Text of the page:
This week marks massive success for England in the Euros, amongst a startling rise in Covid cases in the UK. It's also getting closer to the new 19th of July deadline for the latest unlocking of current lockdown restrictions.
So, what's going on in internal comms and how are businesses preparing?
1. UK Government must reduce cost of job sharing for employers
On Wednesday 7th July, in an open letter to the UK Government, 21 Parliamentarians and NGO's called for job sharing to be declared a mainstream working practice.
123,000 people are in job sharing roles in the UK, a form of flexible working that allows employees to split their role with another person in order to keep other commitments such as childcare and caring responsibilities. According to the CIPD, Post-Covid, the majority of workers will be seeking job flexibility with 70% of employees saying that flexible working makes a job more attractive.
The letter, led by women empowerment group, Empower, and backed by MP's Caroline Nokes and Margaret Hodge, suggests that a reduction in National Insurance contributions for these employees would incentivise employers to create more job sharing roles.
2. Sorce launches Juggl Desks to enable a safe return to the workplace
UK-based intranet software provider, Sorce, has launched a solution called Juggl Desks, a cloud-based platform that allows businesses to manage desk space.
It's great news for the IC industry, as Juggl is free to all organisations until 2022 and is designed to support hybrid working. John Nicklin, Managing Director of Sorce. said: “Organisations of all sizes have to navigate the pandemic restrictions, and managing desk space safely and effectively is key to this.”
Juggl provides a holistic view of desk space, so employers can see who has booked a space and where they'll be sitting, whilst employees are able to book their space of choice and specify their requirements, including whether they need a monitor, disabled access, an electricity point or a network connection.
3. Four-day work week trial continues its success in Iceland
We recently reported that Ireland was trialling the four-day week to see whether this could be the next shift in the working world as we know it. Other countries have also jumped on board such as New Zealand, Japan and Spain, where the Spanish government agreed to a 32-hour workweek over three years without cutting pay for their employers.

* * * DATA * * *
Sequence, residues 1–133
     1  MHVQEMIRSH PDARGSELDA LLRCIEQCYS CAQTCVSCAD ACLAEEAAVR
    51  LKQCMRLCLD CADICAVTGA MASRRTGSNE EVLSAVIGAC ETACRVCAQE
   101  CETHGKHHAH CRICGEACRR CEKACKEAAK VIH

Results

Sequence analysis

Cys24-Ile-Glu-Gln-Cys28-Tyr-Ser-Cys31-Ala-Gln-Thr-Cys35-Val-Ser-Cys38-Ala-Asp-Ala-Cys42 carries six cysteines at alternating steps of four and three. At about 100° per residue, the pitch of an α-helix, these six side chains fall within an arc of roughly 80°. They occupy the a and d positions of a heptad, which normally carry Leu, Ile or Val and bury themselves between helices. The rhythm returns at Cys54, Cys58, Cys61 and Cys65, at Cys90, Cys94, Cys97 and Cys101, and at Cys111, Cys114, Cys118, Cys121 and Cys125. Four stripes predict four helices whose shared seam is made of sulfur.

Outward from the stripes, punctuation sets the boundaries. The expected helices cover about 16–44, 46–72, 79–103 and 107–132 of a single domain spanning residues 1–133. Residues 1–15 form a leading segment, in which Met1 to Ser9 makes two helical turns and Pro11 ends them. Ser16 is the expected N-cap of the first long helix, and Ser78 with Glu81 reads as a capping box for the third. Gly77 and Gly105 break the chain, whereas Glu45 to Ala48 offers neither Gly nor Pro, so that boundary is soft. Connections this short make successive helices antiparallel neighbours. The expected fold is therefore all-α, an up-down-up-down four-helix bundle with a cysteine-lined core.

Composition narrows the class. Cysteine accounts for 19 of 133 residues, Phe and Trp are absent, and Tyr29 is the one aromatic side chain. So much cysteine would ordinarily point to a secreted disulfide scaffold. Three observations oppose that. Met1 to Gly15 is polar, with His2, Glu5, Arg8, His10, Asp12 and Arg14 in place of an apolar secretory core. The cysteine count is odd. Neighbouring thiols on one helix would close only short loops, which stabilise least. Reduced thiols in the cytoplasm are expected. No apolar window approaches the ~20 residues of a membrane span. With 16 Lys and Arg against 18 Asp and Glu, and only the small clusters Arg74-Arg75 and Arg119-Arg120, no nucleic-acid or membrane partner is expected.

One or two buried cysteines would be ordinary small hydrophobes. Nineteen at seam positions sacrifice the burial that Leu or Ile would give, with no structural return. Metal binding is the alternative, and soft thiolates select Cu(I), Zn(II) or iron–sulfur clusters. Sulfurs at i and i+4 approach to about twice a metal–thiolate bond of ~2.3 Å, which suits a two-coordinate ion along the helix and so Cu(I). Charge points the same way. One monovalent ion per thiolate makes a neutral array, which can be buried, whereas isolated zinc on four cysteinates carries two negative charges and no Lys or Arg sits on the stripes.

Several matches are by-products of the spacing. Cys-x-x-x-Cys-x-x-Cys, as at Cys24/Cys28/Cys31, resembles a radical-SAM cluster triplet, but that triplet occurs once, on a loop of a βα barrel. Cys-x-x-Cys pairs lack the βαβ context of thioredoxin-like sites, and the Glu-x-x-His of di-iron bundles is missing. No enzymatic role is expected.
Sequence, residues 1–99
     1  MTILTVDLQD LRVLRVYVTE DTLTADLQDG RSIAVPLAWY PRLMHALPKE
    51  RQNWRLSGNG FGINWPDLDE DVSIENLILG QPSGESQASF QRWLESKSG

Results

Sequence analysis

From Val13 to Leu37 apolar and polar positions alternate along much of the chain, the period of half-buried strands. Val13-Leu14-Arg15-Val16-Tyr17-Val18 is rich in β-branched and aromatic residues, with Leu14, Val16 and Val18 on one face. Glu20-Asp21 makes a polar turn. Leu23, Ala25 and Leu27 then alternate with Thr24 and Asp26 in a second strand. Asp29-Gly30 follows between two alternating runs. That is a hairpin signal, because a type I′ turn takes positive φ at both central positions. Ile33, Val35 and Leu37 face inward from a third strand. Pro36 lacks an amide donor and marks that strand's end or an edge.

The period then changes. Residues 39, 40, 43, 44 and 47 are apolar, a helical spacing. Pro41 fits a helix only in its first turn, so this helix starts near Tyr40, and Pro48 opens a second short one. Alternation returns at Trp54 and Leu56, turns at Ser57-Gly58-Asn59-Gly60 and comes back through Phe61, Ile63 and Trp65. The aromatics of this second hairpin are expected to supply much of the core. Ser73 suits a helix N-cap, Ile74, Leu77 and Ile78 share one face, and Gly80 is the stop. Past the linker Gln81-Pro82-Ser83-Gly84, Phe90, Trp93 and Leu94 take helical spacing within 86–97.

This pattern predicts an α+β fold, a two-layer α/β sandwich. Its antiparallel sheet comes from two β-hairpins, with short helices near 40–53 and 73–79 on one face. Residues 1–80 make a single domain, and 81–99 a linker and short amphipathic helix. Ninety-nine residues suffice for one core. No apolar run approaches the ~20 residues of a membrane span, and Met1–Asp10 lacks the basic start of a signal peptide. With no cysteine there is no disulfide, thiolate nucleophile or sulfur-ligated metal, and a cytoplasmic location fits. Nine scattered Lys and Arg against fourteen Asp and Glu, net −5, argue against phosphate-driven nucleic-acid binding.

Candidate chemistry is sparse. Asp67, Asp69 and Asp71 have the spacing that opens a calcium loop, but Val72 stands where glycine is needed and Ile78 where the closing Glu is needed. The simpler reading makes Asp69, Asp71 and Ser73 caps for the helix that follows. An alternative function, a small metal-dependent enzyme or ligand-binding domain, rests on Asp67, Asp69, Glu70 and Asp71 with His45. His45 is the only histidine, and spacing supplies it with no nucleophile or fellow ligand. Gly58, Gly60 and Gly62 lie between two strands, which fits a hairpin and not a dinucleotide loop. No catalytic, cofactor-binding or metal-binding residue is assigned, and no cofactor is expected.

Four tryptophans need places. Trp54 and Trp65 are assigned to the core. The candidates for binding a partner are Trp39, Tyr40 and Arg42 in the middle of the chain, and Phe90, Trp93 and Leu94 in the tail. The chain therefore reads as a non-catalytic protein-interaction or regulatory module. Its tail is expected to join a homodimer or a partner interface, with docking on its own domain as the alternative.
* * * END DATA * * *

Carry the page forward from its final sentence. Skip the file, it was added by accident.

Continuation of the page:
Now after a successful trial in Iceland, nearly 86% of the working population are working shorter hours. The trial took place between 2015-2019 and revealed that productivity was the same or better when workers had shorter hours and employee wellbeing had improved significantly. In the UK, members of parliament have expressed interest in doing something similar to Iceland.
According to Personnel Today, Peter Cheese, chair of the government’s Flexible Working Taskforce, commented that “These different forms of working should be seen as part of the norm. There are a variety of mechanisms by which you can support people in these more flexible ways of working, which can be helpful in terms of inclusion and well-being and balance of life.”
4. CEO of bolton based business Love Energy Savings scraps emails for DM's
It was recently reported that the CEO of Love Energy Savings, a UK energy retailer, decided to ditch emailing his 258 employees and instead turned to the likes of WhatsApp, Instagram and social media because "under 35-s just don't use email anymore".
CEO Phil Foster says that the average age of his staff is 33 and social media is more of an effective way to communicate. Further promoting his belief, during the first lockdown, Foster held company virtual workout sessions live on Instagram and a year on, can still see the benefits of this new communication method.
He said: "Almost overnight, Instagram became a way for us to come together and it really helped colleagues to maintain rapport and a sense of togetherness". Emails have not totally lost their place in the company as they are still used to connect externally to clients.